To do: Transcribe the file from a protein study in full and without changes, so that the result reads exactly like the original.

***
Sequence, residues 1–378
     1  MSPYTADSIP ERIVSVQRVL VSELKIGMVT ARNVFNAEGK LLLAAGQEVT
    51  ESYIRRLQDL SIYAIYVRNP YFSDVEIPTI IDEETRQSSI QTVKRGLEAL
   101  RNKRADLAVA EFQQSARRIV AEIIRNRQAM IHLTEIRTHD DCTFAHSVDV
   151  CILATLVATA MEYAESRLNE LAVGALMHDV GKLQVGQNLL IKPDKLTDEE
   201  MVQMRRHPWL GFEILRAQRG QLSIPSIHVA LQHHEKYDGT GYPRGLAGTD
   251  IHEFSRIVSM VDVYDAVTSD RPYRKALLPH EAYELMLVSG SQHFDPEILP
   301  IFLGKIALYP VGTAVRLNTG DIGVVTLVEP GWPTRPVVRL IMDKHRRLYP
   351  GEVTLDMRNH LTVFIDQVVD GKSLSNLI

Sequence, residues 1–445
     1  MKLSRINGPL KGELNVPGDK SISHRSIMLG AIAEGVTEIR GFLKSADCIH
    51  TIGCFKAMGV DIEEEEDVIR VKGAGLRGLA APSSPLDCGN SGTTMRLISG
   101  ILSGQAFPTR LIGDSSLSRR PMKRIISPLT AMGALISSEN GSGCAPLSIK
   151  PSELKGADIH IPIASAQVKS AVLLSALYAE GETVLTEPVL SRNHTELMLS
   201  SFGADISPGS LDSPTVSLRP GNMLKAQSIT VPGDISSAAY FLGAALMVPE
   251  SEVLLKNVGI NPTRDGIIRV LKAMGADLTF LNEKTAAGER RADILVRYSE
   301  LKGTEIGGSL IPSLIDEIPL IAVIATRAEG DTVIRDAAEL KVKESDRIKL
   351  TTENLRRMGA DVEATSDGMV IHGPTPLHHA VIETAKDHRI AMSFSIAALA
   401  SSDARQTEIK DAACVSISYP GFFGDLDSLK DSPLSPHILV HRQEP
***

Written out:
Sequence, residues 1–378
     1  MSPYTADSIP ERIVSVQRVL VSELKIGMVT ARNVFNAEGK LLLAAGQEVT
    51  ESYIRRLQDL SIYAIYVRNP YFSDVEIPTI IDEETRQSSI QTVKRGLEAL
   101  RNKRADLAVA EFQQSARRIV AEIIRNRQAM IHLTEIRTHD DCTFAHSVDV
   151  CILATLVATA MEYAESRLNE LAVGALMHDV GKLQVGQNLL IKPDKLTDEE
   201  MVQMRRHPWL GFEILRAQRG QLSIPSIHVA LQHHEKYDGT GYPRGLAGTD
   251  IHEFSRIVSM VDVYDAVTSD RPYRKALLPH EAYELMLVSG SQHFDPEILP
   301  IFLGKIALYP VGTAVRLNTG DIGVVTLVEP GWPTRPVVRL IMDKHRRLYP
   351  GEVTLDMRNH LTVFIDQVVD GKSLSNLI

Sequence, residues 1–445
     1  MKLSRINGPL KGELNVPGDK SISHRSIMLG AIAEGVTEIR GFLKSADCIH
    51  TIGCFKAMGV DIEEEEDVIR VKGAGLRGLA APSSPLDCGN SGTTMRLISG
   101  ILSGQAFPTR LIGDSSLSRR PMKRIISPLT AMGALISSEN GSGCAPLSIK
   151  PSELKGADIH IPIASAQVKS AVLLSALYAE GETVLTEPVL SRNHTELMLS
   201  SFGADISPGS LDSPTVSLRP GNMLKAQSIT VPGDISSAAY FLGAALMVPE
   251  SEVLLKNVGI NPTRDGIIRV LKAMGADLTF LNEKTAAGER RADILVRYSE
   301  LKGTEIGGSL IPSLIDEIPL IAVIATRAEG DTVIRDAAEL KVKESDRIKL
   351  TTENLRRMGA DVEATSDGMV IHGPTPLHHA VIETAKDHRI AMSFSIAALA
   401  SSDARQTEIK DAACVSISYP GFFGDLDSLK DSPLSPHILV HRQEP